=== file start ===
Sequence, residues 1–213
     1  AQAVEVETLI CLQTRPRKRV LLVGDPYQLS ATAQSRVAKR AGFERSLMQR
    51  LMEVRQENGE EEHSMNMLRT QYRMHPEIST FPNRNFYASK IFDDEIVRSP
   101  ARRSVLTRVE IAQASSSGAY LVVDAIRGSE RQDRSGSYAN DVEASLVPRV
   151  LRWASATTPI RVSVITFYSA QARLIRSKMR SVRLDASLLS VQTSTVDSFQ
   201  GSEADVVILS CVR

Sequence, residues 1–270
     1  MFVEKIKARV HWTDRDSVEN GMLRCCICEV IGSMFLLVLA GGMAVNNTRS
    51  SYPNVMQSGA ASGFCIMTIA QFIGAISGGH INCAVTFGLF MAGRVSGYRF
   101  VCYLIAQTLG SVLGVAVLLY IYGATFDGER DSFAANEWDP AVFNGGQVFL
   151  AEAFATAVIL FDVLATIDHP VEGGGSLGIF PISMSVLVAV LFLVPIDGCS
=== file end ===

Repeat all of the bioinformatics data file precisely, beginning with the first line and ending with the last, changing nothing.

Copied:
Sequence, residues 1–213
     1  AQAVEVETLI CLQTRPRKRV LLVGDPYQLS ATAQSRVAKR AGFERSLMQR
    51  LMEVRQENGE EEHSMNMLRT QYRMHPEIST FPNRNFYASK IFDDEIVRSP
   101  ARRSVLTRVE IAQASSSGAY LVVDAIRGSE RQDRSGSYAN DVEASLVPRV
   151  LRWASATTPI RVSVITFYSA QARLIRSKMR SVRLDASLLS VQTSTVDSFQ
   201  GSEADVVILS CVR

Sequence, residues 1–270
     1  MFVEKIKARV HWTDRDSVEN GMLRCCICEV IGSMFLLVLA GGMAVNNTRS
    51  SYPNVMQSGA ASGFCIMTIA QFIGAISGGH INCAVTFGLF MAGRVSGYRF
   101  VCYLIAQTLG SVLGVAVLLY IYGATFDGER DSFAANEWDP AVFNGGQVFL
   151  AEAFATAVIL FDVLATIDHP VEGGGSLGIF PISMSVLVAV LFLVPIDGCS